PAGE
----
Monday, December 12, 2005

YOUR media at work.

Just stopping in for a strafing-run, folks, so don't panic...

But I came across this article about Iraqi public opinion this morning and just had to vent. Check out this article found on Yahoo news, courtesy of Will Lester of the Associated Press.

The headline reads "Poll: Most Iraqis Oppose Troops' Presence." First of all, that is not a shocker. We knew that, didn't we? After all, what people anywhere want to be occupied or have foreign troops on their soil? So why exactly is that the lede on a poll of Iraqi public opinion?

But scroll down. No, keep going. Further. Just a little more. Nope, one more paragraph. Make sure you're at paragraph eight.

A fourth of those surveyed, 26 percent, say U.S. forces should leave now, and another 19 percent say troops should leave after those chosen in this week's election take office. The other half say U.S. troops should stay until security is restored, 31 percent, until Iraqi forces can operate independently, 16 percent, or longer, 5 percent.

What? You mean a full 50% say they don't want American troops to leave until the country is stabilized? On a scale of 1-10, how much more interesting or insightful is THAT piece of data than the fact that Iraqis wish American troops weren't in their country? Or phrased a different way, that American troops weren't necessary? An 8, maybe? So why is it buried at the bottom of the story? Why is a non-earth shattering poll result the lede while a fairly important one is buried? Why is The Duhhh Award of the Week result the headline while several more important metrics are reported but basically glossed over?

Although the number of Iraqis supporting continued US presence until the security situation is resolved is down somewhat since late 2003 (also an interesting, but unreported fact that would have been worthy of analysis), the number of Iraqis that prefer a continued American presence to a Murtha-Dean-Kerry White-Flagged withdrawal has remained fairly steady. In fact, I've found it remarkable that it has been both so steady and typically unreported by our media over time. It's not just Mr. Lester. Our media habitually reports no-brainer poll results that say Iraqis want American troops out. They also habitually fail to mention that the Iraqi people don't mean today. Why do we never see a headline like this:

Poll: Iraqis support troop withdrawal after security restored

Or how about:

Poll: Iraqis want us out. Just not today, tomorrow, next week or anytime soon. John Murtha and Howard Dean are you listening?

Wouldn't that be a responsible way to report the poll results? Wouldn't that be accurate? MORE accurate?

But by the same token, wouldn't it be just as accurate to use headlines like these for the same article (Actual reported verbiage from article in parentheses)?

Poll: 75% of Iraqis confident about upcoming elections (Three-quarters say they are confident about the parliamentary elections scheduled for this week.)

Poll: 66% of Iraqis optimistic about immediate future (More than two-thirds expect things in their country to get better in the coming months.)

Poll: Iraqis say security is improving (Six in 10 say local security is good, up from half in February 2004.)

Poll: Iraqis confident in police and military (Two-thirds express confidence in the Iraqi army and in police.)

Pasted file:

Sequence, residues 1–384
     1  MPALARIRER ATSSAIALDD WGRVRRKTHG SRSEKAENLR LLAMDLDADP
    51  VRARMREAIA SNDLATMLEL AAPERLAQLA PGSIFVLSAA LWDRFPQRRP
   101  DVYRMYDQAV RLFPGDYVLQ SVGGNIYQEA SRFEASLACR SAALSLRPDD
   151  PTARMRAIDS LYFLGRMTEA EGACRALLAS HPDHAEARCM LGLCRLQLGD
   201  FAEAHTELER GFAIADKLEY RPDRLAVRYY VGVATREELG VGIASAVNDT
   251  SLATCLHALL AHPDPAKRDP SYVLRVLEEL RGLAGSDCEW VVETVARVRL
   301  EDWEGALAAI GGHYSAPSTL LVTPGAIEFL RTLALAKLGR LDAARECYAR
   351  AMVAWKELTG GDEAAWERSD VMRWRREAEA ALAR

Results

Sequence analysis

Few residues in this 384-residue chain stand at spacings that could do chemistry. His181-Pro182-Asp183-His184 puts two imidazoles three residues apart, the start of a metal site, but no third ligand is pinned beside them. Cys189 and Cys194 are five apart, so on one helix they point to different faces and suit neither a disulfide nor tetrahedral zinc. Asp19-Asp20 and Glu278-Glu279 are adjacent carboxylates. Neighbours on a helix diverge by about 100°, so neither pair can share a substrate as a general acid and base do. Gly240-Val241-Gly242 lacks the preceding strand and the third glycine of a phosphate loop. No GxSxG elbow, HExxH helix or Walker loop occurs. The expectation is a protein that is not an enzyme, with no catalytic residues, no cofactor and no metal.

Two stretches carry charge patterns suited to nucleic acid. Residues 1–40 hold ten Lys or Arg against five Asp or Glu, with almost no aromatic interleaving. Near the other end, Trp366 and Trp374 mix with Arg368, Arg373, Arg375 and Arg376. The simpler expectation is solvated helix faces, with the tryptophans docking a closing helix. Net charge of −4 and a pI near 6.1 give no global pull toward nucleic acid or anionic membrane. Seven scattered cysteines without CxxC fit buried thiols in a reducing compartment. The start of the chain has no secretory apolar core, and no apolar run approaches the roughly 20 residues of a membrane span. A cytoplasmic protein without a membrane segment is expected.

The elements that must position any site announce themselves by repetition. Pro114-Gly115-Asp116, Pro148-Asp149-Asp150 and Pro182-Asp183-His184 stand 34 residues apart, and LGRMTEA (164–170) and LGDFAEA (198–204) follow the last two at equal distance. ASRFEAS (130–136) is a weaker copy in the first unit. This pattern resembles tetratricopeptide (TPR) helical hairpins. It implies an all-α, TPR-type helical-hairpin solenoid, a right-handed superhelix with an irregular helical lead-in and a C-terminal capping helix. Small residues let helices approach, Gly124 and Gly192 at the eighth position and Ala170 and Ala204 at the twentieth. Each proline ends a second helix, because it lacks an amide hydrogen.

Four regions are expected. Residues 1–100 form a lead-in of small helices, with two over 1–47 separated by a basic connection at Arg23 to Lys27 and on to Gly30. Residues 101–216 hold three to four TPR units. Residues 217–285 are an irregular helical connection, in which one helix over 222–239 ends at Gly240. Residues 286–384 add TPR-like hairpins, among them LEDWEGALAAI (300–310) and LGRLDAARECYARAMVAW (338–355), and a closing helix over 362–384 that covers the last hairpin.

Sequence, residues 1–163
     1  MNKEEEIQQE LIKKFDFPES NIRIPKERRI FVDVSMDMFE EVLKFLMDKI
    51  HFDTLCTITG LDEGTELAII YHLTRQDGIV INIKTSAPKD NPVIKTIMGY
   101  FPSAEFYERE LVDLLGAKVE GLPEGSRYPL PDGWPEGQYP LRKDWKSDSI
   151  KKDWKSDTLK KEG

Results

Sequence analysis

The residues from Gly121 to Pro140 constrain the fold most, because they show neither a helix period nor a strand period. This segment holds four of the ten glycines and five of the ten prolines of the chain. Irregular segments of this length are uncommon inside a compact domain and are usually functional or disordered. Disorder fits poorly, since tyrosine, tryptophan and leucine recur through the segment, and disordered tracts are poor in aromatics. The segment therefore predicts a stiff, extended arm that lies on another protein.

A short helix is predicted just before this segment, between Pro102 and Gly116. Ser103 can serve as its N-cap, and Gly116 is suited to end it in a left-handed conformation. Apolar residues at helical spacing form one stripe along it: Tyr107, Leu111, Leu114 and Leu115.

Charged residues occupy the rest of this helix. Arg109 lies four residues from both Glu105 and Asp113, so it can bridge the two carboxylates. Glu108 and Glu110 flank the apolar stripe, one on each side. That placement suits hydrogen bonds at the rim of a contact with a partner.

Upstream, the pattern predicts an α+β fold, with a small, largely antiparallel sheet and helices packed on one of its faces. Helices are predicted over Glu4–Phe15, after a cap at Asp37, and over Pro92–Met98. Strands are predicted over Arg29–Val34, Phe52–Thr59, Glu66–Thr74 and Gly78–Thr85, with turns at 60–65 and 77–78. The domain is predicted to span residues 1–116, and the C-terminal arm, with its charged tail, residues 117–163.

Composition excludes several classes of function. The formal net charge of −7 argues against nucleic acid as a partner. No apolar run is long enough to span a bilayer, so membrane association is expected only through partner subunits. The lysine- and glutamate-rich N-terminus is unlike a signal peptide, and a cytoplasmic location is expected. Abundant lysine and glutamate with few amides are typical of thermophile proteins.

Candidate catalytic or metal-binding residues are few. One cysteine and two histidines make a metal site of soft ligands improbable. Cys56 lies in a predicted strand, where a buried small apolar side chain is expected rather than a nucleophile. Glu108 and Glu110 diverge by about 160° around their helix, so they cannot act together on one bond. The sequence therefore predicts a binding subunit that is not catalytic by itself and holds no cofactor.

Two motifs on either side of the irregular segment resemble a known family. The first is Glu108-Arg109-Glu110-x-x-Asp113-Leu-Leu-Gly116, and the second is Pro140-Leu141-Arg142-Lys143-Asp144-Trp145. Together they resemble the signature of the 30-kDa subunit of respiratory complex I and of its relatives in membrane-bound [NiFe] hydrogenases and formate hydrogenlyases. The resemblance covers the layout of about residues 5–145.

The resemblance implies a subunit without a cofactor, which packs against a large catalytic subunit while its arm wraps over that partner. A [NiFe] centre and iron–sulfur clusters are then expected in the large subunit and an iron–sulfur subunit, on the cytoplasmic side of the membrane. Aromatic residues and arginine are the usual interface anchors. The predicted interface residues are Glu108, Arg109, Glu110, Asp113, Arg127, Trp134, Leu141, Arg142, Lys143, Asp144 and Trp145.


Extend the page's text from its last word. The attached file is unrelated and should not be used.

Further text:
In fact, wouldn't any of these headlines have been more responsible, more informative and more germane to the national debate we are having about progress metrics and timelines for withdrawal than the mindless Poll: Most Iraqis Oppose Troops' Presence? Wouldn't any of my proposed headlines have encouraged a larger readership of the article? I tend to skip over the Sun Will Rise in the East, Set in the West hedlines I come across. Don't you? I'm more likely to read something which challenges assumptions or has particular relevance to policy debates. And yet, Lester, the AP and most of our news outlets choose not to work that way.


When you see an article like this broken down and analyzed as I have done, don't you find yourself wondering whether other articles about Iraq do precisely the same thing even though they are not so readily deconstructed? Don't you wonder whether reporters make the effort to suss out the other side of the story, much less report it? When I come across such unbalanced and shameful reporting, I find myself thinking we should be even more committed to our efforts on the ground in Iraq. A withdrawal now seems to me to be a capitulation to biased media reports and those who are leveraging the rough-going in Iraq out of political expediency.

No comments:

  • Better Living: Thoughts from Mark Daniels
  • Evangelical Outpost
  • One Hand Clapping
  • Camp Katrina
  • TPMCafe
  • Dodger Thoughts
  • Boy of Summer
  • Irish Pennants
  • tabletalk
  • Fire McCain
  • My Sandmen
  • Galley Slaves
  • Michelle Malkin
  • myelectionanalysis
  • Iraq the Model
  • Mystery Pollster
  • A Bellandean! God, Country, Heritage
  • Right Truth
  • The Fourth Rail
  • Counterterrorism Blog
  • Just One Minute
  • Broken Masterpieces
  • Kudlow's Money Politic$
  • Econopundit
  • Tapscott's Copy Desk
  • The Blue State Conservatives
  • Palousitics
  • Christian Conservative
  • Outside the Beltway
  • The Belmont Club
  • Froggy Ruminations
  • The Captain's Journal
  • Argghh!!!
  • Chickenhawk Express
  • Confederate Yankee
  • Reasoned Audacity
  • Taking Notes
  • ThisDamnBlog
  • Three Knockdown Rule
  • Dogwood Pundit
  • Dumb Looks Still Free
  • Unfettered Blather
  • Cut to the Chase
  • Alabama Improper
  • Austin Bay Blog
  • Michael Yon-Online
  • The Trump Blog
  • A Lettor of Apology
  • GM Fastlane Blog

  • Powered by Blogger

    Listed on BlogShares Who Links Here